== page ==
We went through the tunnel underneath a large mountain and reached the other side in Chile where we found a long line of cars at the border crossing. There was also a large amount of paperwork for us.
We arrived at the first of a series of booths after a 40 minute wait. They helped us with the myriad of forms and stamped our passports as exiting Argentina and sent us on to the next booth where we filled out more paperwork for entering into Chile.
Gas check: just under 1/4 tank.
At the next booth we were instructed to pay a $3,000 CH Peso tariff to enter the country. Not knowing the exchange rate, we tried handing over our 4 measly AR pesos. The woman behind the counter barked, "NO Argentine Pesos! Only Chilean Pesos!"
"No Tengo" I replied. She rolled her eyes and pointed us to a shack of a building on the side of the road to exchange our money. I parked the car and walked over to the building to find it deserted and more like a bad scene in a Quentin Tarantino movie than a money exchange booth.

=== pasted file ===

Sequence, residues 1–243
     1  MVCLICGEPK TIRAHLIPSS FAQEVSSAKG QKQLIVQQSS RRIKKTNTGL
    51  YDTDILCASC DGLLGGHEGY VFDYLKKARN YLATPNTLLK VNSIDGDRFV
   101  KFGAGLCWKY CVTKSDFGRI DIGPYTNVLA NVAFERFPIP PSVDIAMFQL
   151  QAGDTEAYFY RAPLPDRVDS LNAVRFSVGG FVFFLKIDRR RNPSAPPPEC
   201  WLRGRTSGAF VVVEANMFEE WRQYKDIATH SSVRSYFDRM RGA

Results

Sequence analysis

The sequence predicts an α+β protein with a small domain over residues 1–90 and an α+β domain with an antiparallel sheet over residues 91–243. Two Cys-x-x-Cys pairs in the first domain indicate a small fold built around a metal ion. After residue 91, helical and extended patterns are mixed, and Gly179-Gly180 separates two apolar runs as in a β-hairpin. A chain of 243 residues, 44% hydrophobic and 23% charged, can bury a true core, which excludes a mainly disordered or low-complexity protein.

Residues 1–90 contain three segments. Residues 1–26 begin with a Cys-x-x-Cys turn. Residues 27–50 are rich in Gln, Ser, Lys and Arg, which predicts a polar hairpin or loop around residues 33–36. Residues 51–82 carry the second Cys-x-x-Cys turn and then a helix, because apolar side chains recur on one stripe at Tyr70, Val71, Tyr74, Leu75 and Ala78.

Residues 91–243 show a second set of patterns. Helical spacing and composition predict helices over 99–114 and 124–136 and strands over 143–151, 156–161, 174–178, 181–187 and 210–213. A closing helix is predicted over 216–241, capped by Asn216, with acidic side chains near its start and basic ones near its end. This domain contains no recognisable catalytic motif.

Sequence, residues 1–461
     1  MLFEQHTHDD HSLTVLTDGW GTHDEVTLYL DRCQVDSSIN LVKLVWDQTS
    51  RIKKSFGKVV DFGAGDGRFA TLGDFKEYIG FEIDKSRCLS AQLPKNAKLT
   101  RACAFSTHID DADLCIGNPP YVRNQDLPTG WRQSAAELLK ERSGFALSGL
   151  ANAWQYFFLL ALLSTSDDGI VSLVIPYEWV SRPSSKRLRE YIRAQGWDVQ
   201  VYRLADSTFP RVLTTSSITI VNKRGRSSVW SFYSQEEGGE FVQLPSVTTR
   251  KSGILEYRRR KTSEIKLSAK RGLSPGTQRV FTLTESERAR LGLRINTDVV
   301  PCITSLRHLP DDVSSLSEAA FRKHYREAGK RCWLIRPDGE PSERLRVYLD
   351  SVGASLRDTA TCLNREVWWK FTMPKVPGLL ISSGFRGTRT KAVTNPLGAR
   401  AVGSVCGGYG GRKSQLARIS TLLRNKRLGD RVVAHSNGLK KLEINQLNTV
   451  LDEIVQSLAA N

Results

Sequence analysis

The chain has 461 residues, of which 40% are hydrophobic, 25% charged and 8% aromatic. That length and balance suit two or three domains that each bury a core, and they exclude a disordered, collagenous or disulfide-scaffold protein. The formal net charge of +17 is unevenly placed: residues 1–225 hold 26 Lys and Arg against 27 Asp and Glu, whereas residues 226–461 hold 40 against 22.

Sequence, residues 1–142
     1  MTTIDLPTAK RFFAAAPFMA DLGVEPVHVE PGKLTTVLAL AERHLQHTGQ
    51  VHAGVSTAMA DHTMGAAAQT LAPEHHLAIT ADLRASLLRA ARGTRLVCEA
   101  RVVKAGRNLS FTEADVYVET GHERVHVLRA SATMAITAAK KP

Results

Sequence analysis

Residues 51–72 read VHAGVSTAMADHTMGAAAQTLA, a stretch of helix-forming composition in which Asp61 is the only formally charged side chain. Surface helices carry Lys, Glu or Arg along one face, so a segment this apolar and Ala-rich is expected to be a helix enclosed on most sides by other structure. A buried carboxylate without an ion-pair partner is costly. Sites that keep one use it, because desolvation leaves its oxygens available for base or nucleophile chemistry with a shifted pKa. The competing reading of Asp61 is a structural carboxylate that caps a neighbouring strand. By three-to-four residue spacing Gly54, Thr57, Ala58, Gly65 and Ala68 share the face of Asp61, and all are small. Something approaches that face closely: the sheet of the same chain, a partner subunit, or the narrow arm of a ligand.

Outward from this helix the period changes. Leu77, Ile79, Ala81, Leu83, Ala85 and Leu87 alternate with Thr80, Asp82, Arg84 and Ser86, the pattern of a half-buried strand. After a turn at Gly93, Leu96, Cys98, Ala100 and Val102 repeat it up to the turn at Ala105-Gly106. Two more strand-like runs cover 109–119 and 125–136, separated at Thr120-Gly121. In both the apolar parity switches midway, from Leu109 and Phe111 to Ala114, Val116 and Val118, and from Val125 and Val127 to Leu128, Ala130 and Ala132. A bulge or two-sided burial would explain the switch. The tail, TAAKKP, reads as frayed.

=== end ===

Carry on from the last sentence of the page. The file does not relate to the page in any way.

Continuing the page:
I walked back and asked someone else where the money exchange was and they pointed me in the opposite direction to the booth right adjacent to the surly woman's. Clearly, the first woman was playing games with us "stupid gringos".
I exchanged my $4AR pesos and discovered I was way short. $4 AR Pesos was just over $500 CH Pesos. Nowhere close to the $3,000 needed. I slowly walked back over the the tariff booth and tried to give them what little money we had.
Stuck in Customs
No, dice. We were too poor to enter Chile and they refused to let us pass. Now we were stuck in no-mans land with nowhere to go. We couldn't backup into oncoming traffic and they would not let us go forward to turnaround.
Surely this had happened before and someone could direct us where to go to get back into Argentina. But no. We were stuck there for an eternity it seemed as several border guards debated what to do with us.
We were left idling with precious little gas. Finally, we pleaded with an Argentina border agent to let us drive the wrong way on in the dirt beside the road and cut across traffic to get back to the tunnel and into Argentina.